Strategy Maps now becomes another essential building block in strategy implementation. Importantly, this building block should be the starting point in your search for success. In the preface, the authors describe the three essential elements behind breakthrough results:
You must first describe the strategy, then measure the strategy for what needs to be executed and then manage the strategy by the measurements. Describing the strategy is the task addressed in Strategy Maps, measuring the strategy is addressed in the Balanced Scorecard, and The Strategy-Focused Organization looks at managing the strategy by the measurements.
Here's the philosophy the authors provide behind this conclusion:
"You can't manage (third component) what you can't measure (second component) [and] [y]ou can't measure what you can't describe (first component)."
In Strategy Maps, the authors have shown the way to communicate how each element of a company's activities contributes to the overall success of the strategy. Using the Balanced Scorecard, everyone in the organization knows what to be done. With Strategy Maps, each person will understand the context of what they must do and implementation improves.
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By Rolf Dobelli TOP 500 REVIEWER on 17 Jun. 2005
Format: Hardcover
If this book were a Hollywood film, it might be titled "Son of Balanced Scorecard" or even "Balanced Scorecard III." This book, however, is no mere spin-off or sequel. In two prior works, "The Balanced Scorecard" (which you may wish to read before reading this book) and "The Strategy-Focused Organization", authors Robert S. Kaplan and David P. Norton introduced the powerful concept of measuring the elusive intangibles that affect organizations. This information-dense book was born when the authors observed that CEOs instinctively draw arrows to explain their goals. This led to a breakthrough realization: "Objectives should be linked in cause-and-effect relationships." The graphic display of these relationships is a "strategy map." This book breaks new ground by providing a template so executives can be sure that their strategic planning omits nothing. It expands the concepts of "strategic themes" and "value-creating processes," and explains a system for aligning your organization's strategy with its intangible assets. However, the real-world examples may be lost on CEOs who are unfamiliar with MBA-style case studies. If you're implementing a "Balanced Scorecard" initiative or planning your firm's future, we say this is a blockbuster you don't want to miss.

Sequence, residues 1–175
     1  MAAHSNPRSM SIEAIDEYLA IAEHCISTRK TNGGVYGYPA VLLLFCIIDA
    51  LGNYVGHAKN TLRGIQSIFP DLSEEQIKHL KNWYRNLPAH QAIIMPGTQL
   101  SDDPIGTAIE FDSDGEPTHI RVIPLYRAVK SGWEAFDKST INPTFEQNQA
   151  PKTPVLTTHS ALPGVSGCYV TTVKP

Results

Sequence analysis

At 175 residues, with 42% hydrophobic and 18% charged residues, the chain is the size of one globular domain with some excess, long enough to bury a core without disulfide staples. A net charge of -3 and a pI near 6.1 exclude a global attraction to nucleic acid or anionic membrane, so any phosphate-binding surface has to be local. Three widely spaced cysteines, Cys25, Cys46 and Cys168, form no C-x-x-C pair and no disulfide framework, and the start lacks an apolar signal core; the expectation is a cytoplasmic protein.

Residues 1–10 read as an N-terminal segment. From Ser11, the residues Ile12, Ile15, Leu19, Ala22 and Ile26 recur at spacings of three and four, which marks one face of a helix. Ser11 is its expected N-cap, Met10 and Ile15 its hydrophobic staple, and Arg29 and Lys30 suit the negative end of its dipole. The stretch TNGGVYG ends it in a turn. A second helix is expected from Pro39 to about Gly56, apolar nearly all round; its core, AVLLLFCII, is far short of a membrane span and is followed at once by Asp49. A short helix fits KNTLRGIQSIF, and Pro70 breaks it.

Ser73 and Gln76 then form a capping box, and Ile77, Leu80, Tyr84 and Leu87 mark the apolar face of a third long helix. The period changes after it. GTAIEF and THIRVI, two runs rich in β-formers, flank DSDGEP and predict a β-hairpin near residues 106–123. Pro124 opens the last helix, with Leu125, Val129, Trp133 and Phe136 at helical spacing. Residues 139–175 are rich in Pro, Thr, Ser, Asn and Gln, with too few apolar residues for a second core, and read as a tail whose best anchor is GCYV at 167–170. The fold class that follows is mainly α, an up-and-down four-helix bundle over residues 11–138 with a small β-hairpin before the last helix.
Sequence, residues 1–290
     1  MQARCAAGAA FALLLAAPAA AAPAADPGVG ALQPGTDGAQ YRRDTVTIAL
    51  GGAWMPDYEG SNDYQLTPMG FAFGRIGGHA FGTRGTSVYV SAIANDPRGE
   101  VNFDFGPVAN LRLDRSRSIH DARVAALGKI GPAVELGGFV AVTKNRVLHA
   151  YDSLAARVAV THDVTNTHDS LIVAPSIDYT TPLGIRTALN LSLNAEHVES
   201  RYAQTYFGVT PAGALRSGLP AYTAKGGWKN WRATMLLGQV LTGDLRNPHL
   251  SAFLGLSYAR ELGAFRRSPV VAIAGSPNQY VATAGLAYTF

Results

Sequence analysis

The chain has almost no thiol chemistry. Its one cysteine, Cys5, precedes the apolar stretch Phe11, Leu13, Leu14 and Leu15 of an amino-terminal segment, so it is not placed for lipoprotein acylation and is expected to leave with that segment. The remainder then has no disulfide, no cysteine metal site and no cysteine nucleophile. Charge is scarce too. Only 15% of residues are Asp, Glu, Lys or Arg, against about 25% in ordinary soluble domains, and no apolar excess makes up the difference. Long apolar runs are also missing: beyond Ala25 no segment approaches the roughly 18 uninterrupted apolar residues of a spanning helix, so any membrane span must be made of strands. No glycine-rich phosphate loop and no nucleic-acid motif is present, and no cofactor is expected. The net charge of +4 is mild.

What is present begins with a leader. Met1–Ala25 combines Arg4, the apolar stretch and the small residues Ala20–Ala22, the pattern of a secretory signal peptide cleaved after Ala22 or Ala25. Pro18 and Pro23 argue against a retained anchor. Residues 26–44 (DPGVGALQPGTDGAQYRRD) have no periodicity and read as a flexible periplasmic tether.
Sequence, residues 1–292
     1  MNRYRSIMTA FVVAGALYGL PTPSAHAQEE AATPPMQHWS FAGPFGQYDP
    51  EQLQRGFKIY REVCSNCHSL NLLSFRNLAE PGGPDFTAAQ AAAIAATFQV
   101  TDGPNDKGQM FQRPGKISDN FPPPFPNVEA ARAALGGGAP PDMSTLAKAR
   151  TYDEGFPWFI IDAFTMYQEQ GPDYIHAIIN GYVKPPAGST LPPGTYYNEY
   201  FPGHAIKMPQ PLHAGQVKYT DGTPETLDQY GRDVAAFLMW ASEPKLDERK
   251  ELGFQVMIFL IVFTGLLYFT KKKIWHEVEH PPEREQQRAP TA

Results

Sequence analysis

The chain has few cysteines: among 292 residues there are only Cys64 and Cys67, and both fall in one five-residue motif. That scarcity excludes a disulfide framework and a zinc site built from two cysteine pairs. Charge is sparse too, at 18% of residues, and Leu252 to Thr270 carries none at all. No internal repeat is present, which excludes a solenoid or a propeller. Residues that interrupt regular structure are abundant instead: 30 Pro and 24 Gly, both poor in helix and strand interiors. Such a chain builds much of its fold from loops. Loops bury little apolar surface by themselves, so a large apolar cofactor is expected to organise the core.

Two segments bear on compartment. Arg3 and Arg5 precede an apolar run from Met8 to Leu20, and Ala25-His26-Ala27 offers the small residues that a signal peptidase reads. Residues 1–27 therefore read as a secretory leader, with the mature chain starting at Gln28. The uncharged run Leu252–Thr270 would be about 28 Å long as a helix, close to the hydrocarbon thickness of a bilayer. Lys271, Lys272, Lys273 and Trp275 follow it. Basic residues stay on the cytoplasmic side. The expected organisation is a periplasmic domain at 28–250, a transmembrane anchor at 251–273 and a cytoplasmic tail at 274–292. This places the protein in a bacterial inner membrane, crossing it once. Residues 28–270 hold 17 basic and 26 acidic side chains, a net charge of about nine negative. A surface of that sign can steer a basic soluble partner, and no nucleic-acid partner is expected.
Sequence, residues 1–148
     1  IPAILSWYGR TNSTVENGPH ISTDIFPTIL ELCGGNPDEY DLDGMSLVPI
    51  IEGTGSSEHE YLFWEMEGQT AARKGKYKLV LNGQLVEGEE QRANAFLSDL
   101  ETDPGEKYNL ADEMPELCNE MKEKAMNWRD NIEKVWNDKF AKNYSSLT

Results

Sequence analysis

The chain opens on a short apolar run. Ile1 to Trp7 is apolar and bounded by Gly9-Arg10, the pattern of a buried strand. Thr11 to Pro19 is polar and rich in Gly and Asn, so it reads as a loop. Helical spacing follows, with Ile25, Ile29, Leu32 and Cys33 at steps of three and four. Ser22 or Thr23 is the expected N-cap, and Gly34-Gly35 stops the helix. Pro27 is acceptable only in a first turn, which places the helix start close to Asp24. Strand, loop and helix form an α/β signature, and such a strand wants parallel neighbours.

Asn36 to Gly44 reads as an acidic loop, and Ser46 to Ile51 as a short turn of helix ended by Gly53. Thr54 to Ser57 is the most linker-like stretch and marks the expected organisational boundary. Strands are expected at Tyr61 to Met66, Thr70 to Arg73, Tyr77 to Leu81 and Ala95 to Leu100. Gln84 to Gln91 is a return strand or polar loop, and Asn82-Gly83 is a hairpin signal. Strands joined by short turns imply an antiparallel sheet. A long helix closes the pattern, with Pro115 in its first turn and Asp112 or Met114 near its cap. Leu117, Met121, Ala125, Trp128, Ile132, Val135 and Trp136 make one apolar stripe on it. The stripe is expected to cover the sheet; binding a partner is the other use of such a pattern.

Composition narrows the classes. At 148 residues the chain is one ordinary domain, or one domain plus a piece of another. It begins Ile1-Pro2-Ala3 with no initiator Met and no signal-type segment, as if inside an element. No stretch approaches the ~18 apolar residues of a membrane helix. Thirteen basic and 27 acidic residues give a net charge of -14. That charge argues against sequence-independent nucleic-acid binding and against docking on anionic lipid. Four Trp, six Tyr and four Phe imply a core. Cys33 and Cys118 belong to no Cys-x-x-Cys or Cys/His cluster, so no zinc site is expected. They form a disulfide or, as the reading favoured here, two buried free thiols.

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Format: Hardcover
Kaplan and Norton co-authored an article which was published in the Harvard Business Review (January/February 1992). In it they introduce an exciting new concept: the balanced scorecard. They have since published three books: this one, preceded by The Balanced Scorecard: Translating Strategy into Action (1996) and The Strategy-Focused Organization: How Balanced Scorecard Companies Thrive in the New Business Environment (2000). Here's some background on the two books before we shift our attention to Strategy Maps.

In The Balanced Scorecard, as Kaplan and Norton explain in their Preface, "the Balanced Scorecard evolved from an improved measurement system to an improved management system." The distinction is critically important to understanding this book. Senior executives in various companies have used the Balanced Scorecard as the central organizing framework for important managerial processes such as individual and team goal setting, compensation, resource allocation, budgeting and planning, and strategic feedback and learning. When writing this book, it was the authors' hope that the observations they share would help more executives to launch and implement Balanced Scorecard programs in their organizations.

Then in The Strategy-Focused Organization, Kaplan and Norton note that, according to an abundance of research data, only 5% of the workforce understand their company's strategy, that only 25% of managers have incentives linked to strategy, that 60% of organizations don't link budgets to strategy, and 85% of executive teams spend less than one hour per month discussing strategy. These and other research findings help to explain why Kaplan and Norton believe so strongly in the power of the Balanced Scorecard.